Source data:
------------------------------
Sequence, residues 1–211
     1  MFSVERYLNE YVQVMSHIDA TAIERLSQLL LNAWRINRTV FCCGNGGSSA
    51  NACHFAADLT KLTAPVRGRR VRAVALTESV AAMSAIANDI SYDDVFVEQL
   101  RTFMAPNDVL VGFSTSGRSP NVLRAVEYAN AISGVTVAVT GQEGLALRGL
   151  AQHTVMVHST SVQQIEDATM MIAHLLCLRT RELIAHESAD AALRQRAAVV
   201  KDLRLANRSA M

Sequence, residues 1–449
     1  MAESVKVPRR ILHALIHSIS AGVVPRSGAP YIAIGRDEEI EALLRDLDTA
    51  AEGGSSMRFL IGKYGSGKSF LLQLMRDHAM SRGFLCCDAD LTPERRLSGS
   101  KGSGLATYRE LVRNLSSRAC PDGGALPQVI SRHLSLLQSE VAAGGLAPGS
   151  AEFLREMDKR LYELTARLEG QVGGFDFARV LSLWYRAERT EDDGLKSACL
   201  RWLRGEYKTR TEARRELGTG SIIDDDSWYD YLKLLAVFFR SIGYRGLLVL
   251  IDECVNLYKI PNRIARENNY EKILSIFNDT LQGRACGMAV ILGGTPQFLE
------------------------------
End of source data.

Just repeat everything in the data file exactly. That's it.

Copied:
Sequence, residues 1–211
     1  MFSVERYLNE YVQVMSHIDA TAIERLSQLL LNAWRINRTV FCCGNGGSSA
    51  NACHFAADLT KLTAPVRGRR VRAVALTESV AAMSAIANDI SYDDVFVEQL
   101  RTFMAPNDVL VGFSTSGRSP NVLRAVEYAN AISGVTVAVT GQEGLALRGL
   151  AQHTVMVHST SVQQIEDATM MIAHLLCLRT RELIAHESAD AALRQRAAVV
   201  KDLRLANRSA M

Sequence, residues 1–449
     1  MAESVKVPRR ILHALIHSIS AGVVPRSGAP YIAIGRDEEI EALLRDLDTA
    51  AEGGSSMRFL IGKYGSGKSF LLQLMRDHAM SRGFLCCDAD LTPERRLSGS
   101  KGSGLATYRE LVRNLSSRAC PDGGALPQVI SRHLSLLQSE VAAGGLAPGS
   151  AEFLREMDKR LYELTARLEG QVGGFDFARV LSLWYRAERT EDDGLKSACL
   201  RWLRGEYKTR TEARRELGTG SIIDDDSWYD YLKLLAVFFR SIGYRGLLVL
   251  IDECVNLYKI PNRIARENNY EKILSIFNDT LQGRACGMAV ILGGTPQFLE